The company has alternative import plans and a new supply chain chief.
"I don't think we've been in a position in the last two years where we've been further apart from understanding where we're going to end up," Palmer told Reuters. "We program a car to align and order all the parts for those cars twelve weeks in advance. You don't need to do the maths to know that therefore takes us across the Brexit period."
Aston Martin is working with DHL in order to firm up its post-Brexit supply chain plans, meanwhile the UK government has already indicated that movement of key supplies like medicine will take priority if a customs deal cannot be reached with the European Union.
"We don't have any assurances," said Palmer. "One assumes if you're putting parts onto a standard chartered plane, no one's going to kick you off."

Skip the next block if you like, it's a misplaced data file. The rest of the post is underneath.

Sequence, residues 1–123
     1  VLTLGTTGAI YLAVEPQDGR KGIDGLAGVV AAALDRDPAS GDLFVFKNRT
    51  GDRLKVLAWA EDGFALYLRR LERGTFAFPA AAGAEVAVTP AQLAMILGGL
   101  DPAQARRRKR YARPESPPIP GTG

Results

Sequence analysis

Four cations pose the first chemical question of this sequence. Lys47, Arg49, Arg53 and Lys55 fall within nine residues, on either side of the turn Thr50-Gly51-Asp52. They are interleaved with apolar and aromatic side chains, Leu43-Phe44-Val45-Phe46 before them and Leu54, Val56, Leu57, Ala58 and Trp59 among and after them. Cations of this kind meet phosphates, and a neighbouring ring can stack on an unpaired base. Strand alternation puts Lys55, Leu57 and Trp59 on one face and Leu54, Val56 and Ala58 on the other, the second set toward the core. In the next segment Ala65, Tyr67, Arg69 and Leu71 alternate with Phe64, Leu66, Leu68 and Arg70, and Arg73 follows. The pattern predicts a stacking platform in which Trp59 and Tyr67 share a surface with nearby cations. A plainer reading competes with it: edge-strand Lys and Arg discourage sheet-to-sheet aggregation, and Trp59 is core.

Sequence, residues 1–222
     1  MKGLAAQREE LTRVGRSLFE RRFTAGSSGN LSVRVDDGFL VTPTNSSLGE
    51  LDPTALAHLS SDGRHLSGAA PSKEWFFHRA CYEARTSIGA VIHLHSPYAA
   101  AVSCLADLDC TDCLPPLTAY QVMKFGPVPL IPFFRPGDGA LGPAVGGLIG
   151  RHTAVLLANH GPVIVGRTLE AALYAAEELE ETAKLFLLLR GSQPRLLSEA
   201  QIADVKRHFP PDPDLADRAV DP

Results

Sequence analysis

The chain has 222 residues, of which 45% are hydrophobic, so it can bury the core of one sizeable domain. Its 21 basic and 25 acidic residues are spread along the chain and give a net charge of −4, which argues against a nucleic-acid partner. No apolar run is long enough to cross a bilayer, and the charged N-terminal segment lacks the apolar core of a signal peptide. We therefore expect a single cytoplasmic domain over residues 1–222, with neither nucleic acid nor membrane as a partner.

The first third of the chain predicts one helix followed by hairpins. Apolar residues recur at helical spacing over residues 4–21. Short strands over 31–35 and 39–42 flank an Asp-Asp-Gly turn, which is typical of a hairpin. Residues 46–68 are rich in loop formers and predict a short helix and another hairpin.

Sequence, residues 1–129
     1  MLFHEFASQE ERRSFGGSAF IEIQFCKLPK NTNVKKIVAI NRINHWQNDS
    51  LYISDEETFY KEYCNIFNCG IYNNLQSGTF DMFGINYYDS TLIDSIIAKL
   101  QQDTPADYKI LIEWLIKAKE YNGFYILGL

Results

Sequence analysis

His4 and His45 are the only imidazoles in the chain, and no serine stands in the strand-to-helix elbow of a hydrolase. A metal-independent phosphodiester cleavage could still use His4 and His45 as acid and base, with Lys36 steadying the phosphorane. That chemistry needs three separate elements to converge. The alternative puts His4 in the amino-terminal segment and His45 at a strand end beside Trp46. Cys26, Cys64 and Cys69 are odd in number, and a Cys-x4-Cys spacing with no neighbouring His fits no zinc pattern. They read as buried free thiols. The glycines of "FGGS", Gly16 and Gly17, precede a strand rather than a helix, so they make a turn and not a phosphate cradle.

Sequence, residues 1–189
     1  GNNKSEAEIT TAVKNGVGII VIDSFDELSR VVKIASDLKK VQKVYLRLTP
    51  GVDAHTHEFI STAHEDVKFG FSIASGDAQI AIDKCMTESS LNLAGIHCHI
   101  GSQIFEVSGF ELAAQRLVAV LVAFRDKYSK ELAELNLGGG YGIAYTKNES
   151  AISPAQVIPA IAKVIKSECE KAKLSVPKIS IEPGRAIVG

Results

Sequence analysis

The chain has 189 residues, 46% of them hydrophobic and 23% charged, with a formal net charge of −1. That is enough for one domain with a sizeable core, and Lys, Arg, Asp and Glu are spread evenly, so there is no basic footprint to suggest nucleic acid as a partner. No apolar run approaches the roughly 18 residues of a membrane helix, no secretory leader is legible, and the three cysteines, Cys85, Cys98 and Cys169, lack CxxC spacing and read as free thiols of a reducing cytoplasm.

Aston Martin currently only has one factory, but a second will be opening in Wales to produce the DBX SUV (pictured above) later this year. In anticipation of expected export hold-ups, the company has also been building up an inventory in Germany. The stockpile of cars was built up throughout last year, and could possibly increase in the coming weeks depending on the outcome of Brexit talks – something which Palmer is critical of.
"Both the European and the UK politicians, are not discharging the duty for which they are put in place which is basically to plan and bring certainty to allow the country to thrive," he said.